When West Coast traded away their 2019 and 2020 first-round draft picks to secure Tim Kelly from Geelong, they potentially traded their future for the present.
Disclaimer: I’m a West Coast Eagles fan, so figure that into your assessments when considering my objectivity. However, for the purposes of this prediction, I’m calling that the Eagles will be the best performed of all the expansion teams.
Mostly it’s the midfield. Midfields are even more important in the AFLW than in the AFL, and the Eagles recruited as though they’re aware of it.
Dana Hooker is one of the best in the business. Emma Swanson hasn’t perhaps achieved the heights that some suspected she would at GWS, due partly to last season’s shoulder injury, but she’s home now, still only 24, and one of the better midfielders in the competition. Mikayla Bowen was a priority pick and a star of the WA junior ranks – she’s only small but she’s a gun with a crazy appetite for hard contact.
Then there are the wildcards: Brianna Green and Niamh Kelly. At the beginning of the AFLW, three good midfielders would have been plenty, but now it’s barely enough.
Green is still only 23, and a few years ago she was regarded as one of the brightest young stars in the WAFLW. Then at Fremantle, a succession of injuries saw her sidelined. If Green can rediscover that old form with good health and become West Coast’s fourth big on-ball mid, that’s a critical mass impressive for even an established team, let alone an expansion team.
Add to that the prospect of the Irishwoman Kelly, whose Gaelic football video clips got Eagles fans quite excited about her speed, and the West Coast midfield could be quite serious by any standard. While a lot of Irish players are put in the forward line in their first season, it seems the intention is to put Kelly on a wing, which suggests the coaching staff are impressed with her oval-ball skills.
Some of the WAFLW mature-age midfield recruits, like Imahra Cameron and Emily Bonser, look useful too, while mature-age ruck Danika Pisconeri has real size and strength, and was impressive in the WAFLW last season.
But while the Eagles’ midfield could be stacked if everyone performs, they don’t look nearly as strong in the forward or back lines. Niamh Kelly’s sister Grace comes with big raps and is more of a key forward type, while Kellie Gibson is an established threat with her speed and finishing.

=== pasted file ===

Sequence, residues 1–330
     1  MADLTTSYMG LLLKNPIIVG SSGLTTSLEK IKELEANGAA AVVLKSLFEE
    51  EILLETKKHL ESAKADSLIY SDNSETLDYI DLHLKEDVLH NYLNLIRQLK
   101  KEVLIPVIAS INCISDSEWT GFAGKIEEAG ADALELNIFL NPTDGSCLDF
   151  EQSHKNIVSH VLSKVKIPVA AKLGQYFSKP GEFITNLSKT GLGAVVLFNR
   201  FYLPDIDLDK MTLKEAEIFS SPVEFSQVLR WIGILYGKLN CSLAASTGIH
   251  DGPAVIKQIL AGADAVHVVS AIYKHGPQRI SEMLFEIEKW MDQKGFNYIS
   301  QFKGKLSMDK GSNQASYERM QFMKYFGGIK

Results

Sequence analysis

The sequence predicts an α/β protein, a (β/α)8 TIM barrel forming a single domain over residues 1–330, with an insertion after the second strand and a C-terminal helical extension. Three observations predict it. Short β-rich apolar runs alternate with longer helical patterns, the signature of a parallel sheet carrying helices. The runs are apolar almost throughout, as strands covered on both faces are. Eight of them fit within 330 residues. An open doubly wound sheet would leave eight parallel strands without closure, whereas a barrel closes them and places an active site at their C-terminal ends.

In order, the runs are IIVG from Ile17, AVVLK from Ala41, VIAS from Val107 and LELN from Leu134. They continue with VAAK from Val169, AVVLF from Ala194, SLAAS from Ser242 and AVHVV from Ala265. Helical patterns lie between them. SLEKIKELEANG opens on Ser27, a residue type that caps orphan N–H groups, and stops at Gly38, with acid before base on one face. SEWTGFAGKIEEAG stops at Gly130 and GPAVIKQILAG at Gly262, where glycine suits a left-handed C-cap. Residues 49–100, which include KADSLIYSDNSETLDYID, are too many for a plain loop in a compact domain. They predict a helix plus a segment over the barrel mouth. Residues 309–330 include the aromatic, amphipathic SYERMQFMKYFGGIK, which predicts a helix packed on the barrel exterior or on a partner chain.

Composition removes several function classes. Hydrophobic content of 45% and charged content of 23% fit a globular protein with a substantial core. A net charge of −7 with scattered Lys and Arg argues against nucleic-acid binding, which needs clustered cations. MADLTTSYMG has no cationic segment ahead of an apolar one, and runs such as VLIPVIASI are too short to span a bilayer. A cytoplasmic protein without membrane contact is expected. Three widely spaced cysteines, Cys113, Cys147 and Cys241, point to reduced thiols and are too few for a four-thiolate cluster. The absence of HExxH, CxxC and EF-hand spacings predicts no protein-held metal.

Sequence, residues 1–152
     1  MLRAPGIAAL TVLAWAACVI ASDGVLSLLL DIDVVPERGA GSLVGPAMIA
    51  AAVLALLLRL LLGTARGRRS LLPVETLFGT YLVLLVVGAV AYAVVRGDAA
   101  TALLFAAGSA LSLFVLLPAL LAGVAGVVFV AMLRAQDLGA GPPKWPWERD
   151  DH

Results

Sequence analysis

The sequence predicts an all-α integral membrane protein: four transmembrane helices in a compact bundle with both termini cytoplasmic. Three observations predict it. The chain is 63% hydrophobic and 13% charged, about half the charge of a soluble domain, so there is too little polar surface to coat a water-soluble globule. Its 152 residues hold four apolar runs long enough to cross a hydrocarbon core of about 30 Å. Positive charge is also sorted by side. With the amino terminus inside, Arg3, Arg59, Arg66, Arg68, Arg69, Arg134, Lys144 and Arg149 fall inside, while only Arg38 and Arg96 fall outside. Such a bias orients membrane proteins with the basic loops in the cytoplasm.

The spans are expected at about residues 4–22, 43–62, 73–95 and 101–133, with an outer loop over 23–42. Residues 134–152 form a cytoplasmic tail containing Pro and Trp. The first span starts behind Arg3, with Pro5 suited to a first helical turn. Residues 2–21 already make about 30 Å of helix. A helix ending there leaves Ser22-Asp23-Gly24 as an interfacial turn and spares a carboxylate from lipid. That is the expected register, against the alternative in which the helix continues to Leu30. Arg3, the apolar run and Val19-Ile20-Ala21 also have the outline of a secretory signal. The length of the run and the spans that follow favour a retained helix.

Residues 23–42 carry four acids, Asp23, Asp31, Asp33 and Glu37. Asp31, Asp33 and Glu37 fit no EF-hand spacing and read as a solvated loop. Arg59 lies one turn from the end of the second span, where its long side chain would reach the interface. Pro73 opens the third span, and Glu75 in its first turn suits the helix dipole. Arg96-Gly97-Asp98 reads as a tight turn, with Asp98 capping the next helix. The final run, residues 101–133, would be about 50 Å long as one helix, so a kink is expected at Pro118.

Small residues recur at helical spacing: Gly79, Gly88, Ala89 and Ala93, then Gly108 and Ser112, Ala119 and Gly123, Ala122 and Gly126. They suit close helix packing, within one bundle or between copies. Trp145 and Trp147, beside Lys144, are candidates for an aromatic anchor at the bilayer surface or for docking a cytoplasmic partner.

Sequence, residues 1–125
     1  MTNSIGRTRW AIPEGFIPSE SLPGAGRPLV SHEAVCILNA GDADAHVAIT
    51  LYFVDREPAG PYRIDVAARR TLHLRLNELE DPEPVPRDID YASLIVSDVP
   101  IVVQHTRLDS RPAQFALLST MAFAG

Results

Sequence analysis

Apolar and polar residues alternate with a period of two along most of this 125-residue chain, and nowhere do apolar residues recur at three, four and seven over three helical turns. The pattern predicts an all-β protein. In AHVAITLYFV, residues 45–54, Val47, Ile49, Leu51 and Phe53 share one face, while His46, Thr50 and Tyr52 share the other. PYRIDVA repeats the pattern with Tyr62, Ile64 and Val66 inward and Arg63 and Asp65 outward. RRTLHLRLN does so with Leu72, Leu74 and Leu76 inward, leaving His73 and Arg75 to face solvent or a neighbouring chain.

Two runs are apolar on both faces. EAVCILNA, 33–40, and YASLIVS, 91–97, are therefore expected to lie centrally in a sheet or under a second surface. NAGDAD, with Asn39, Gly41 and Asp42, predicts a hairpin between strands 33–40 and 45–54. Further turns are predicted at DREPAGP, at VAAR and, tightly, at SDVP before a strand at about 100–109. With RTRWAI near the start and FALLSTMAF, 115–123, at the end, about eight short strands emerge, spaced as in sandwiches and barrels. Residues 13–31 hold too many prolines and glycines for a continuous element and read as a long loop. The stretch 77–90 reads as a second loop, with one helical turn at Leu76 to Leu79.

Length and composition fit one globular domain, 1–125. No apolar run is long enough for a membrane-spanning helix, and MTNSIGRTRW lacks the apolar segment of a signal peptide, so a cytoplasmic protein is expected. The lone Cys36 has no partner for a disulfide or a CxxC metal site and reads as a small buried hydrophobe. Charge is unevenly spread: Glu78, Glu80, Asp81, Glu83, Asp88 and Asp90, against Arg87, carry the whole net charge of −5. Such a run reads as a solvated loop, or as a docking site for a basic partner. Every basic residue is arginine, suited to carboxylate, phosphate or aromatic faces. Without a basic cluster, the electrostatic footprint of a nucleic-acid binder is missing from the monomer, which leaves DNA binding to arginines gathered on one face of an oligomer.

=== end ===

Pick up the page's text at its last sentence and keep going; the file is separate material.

Ashley Atkins was one of the Dockers’ most underrated players and has been setting the much-improved WAFLW on fire, and then there’s Tarnee Tester, who was the WAFLW’s leading goal-scorer in 2019, but isn’t that big and will be facing much tougher, meaner defenders at AFLW level.
A lot will depend on how well Grace Kelly adapts, because while Gibson is excellent, neither she nor Atkins have a history of prolific goal-kicking, being the kinds of players who make everyone around them better. That’s always nice, but at some point there needs to be a person who actually kicks the goals, and in this Eagles forward line it’s not certain who that’s going to be, if anyone.
It’s down back where the Eagles look weakest. McKenzie Dowrick is a star youngster with a huge left foot. Emily McGuire was a young Dockers forward who was inexplicably delisted then successfully reinvented herself as a powerful defender in the WAFLW. Sophie McDonald is a 182-centimetre hockey convert with exciting athleticism. But they’re all so young.
Maddie Collier and Belinda Smith will bring more experience, but there’s no-one in the back line who will have opposition forwards lying awake the night before wondering how they’re going to handle them. That’s the case this year at least, although next year may be a different story.
With their strength in the middle and an effort to target fast rookies like the Kellys and former rugby international Mhicca Carter, and it’s hard to see the Eagles playing a style other than the one that was most successful last season: run hard, play on at all costs, and get the ball forward before the opposition defence gets back. It’s the kind of style this forward line could capitalise on. They might not take many contested marks for set shots, but they could get some goals with their pace onto the loose ball.
I tip the Eagles to get their share of wins this season and to hopefully play some exciting football. But the more established, high-scoring teams could hand them some nasty beatings as the young defence gets left exposed on the rebound. As with all expansion teams, once you get past the headline players, the talent level drops away pretty sharply. The Eagles will be found wanting for depth, particularly if the injuries mount.
The newly restructured WAFLW is starting to produce some very good football, and the WA talent pipeline is just starting to flow properly. With the Dockers looking to be super strong in 2020 as well, Western Australia could be reclaiming its mantle as a powerhouse of women’s footy.